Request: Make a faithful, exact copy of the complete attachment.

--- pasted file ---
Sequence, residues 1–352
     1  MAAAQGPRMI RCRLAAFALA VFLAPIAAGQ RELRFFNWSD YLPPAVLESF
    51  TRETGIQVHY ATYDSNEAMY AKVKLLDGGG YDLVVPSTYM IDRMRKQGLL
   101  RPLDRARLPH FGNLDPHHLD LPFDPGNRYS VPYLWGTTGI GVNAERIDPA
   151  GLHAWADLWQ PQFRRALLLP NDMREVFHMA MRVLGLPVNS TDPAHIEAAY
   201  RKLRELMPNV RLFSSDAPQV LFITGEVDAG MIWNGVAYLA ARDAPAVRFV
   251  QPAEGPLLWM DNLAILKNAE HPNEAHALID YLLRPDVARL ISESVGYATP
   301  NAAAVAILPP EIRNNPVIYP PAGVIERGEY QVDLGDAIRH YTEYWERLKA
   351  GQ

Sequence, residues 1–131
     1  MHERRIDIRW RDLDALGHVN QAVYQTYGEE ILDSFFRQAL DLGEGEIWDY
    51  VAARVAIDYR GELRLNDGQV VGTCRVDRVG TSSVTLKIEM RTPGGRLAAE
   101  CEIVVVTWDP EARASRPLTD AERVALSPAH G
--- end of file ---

Sequence, residues 1–352
     1  MAAAQGPRMI RCRLAAFALA VFLAPIAAGQ RELRFFNWSD YLPPAVLESF
    51  TRETGIQVHY ATYDSNEAMY AKVKLLDGGG YDLVVPSTYM IDRMRKQGLL
   101  RPLDRARLPH FGNLDPHHLD LPFDPGNRYS VPYLWGTTGI GVNAERIDPA
   151  GLHAWADLWQ PQFRRALLLP NDMREVFHMA MRVLGLPVNS TDPAHIEAAY
   201  RKLRELMPNV RLFSSDAPQV LFITGEVDAG MIWNGVAYLA ARDAPAVRFV
   251  QPAEGPLLWM DNLAILKNAE HPNEAHALID YLLRPDVARL ISESVGYATP
   301  NAAAVAILPP EIRNNPVIYP PAGVIERGEY QVDLGDAIRH YTEYWERLKA
   351  GQ

Sequence, residues 1–131
     1  MHERRIDIRW RDLDALGHVN QAVYQTYGEE ILDSFFRQAL DLGEGEIWDY
    51  VAARVAIDYR GELRLNDGQV VGTCRVDRVG TSSVTLKIEM RTPGGRLAAE
   101  CEIVVVTWDP EARASRPLTD AERVALSPAH G